The holiday season is full of comfort foods that give you that warm, cozy feeling. You can enjoy eating this time of year without depriving yourself or eating only boring foods. Here are a few tips to enjoy your favorite holiday foods without overdoing it.
What if doing one small thing could improve your day? One thing that millions of Americans skip? Eating breakfast energizes you after a long night with no fuel. Breakfast keeps you focused, makes you more attentive, and helps you thrive throughout the day.
Thank goodness sweet potatoes are not just for the holidays. These sweet, creamy vegetables are packed with powerful cancer-fighting nutrients and make a lovely canvas for other healthy foods like chopped herbs, nuts, or veggies. Research shows eating a variety of plant-based foods may lower your risk of cancer.
Make a delicious, healthy meal with someone you love this Valentine's Day. This delightful dinner menu is rich in omega 3 fatty acids, fiber, and whole grains. Not only is it healthy for the heart, it contains cancer-fighting foods.
Eaten with the skin, a medium pear packs almost 6 grams of filling, health-protecting fiber—nearly a quarter of your daily value. Research has shown that diets high in fiber may help protect against colorectal cancer and other chronic diseases.
The holiday season is a time for joy. It can also be a time for weight gain, stress, and exhaustion. Huntsman Cancer Institute nutrition experts share some tips for eating wisely and keeping your holidays happy and healthy.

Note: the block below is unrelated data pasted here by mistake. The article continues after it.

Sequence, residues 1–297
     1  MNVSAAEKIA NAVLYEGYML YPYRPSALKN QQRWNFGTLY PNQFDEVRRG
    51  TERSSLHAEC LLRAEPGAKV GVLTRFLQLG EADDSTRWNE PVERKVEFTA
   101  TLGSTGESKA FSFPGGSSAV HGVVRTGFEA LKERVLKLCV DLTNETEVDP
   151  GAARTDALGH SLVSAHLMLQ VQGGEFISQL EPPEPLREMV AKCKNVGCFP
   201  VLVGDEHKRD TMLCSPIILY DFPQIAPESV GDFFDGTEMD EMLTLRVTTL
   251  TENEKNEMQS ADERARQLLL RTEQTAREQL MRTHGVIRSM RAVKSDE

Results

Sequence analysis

Cruciferous vegetables—like broccoli, kale, and Brussels sprouts—are cancer-fighting machines that can taste delightfully sweet and decadent with a few cooking tips.
Eating healthy food like fruits and vegetables can help reduce the risk of cancer and other diseases. Check out these ideas for adding more fruits and veggies to your day.
August 3 is National Watermelon Day! Celebrate with this refreshing recipe, perfect for barbecues on hot summer days. In addition to being delicious, watermelon contains large amount of lycopene, a compound that may help prevent prostate cancer.
National Salad Week is here! Getting tired of the same green leaf-and-tomatoes salad? Try these pairings of veggies, fruits, nuts, and dressings to give your tastebuds a welcome change.
July is National Blueberries Month! Celebrate with this delicious granola energy parfait full of blueberries and other berries.
The way you eat plays a big part in your health. Good nutrition can prevent cancer, keep patients strong during treatment, and help patients stay healthy after treatment is over.
Evidence shows that eating a diet full of plant foods such as vegetables, fruits, whole grains, and beans may help lower risk for many cancers. Try this delicious carrot-ginger soup with a slice of whole grain bread and a side salad for a warming winter meal, or serve it chilled for a refreshing summer option.
Bursting with flavor and antioxidants, this recipe is the perfect ending to a summer meal.
Recipe courtesy of Harmons Grocery, adapted from www.californiastrawberries.com. Classic grilled salmon gets a summer update with fresh strawberry salsa.
Recipe courtesy of Harmons Grocery, adapted from The Broken Shaker, Miami Beach
Recipe courtesy of Harmons Grocery. Learn about the Cancer-Fighting Foods Shopping List created by HCI and Harmons.
Recipe courtesy of Harmons Grocery.
You can lower your cancer risk (your chances of getting cancer) by eating a variety of plant-based foods like green leafy vegetables, whole fruits, whole grains, and legumes. Try this recipe courtesy of Harmons Grocery.
Creamy avocado, tangy feta, and bright tomatoes combine with crisp kale in this fresh salad.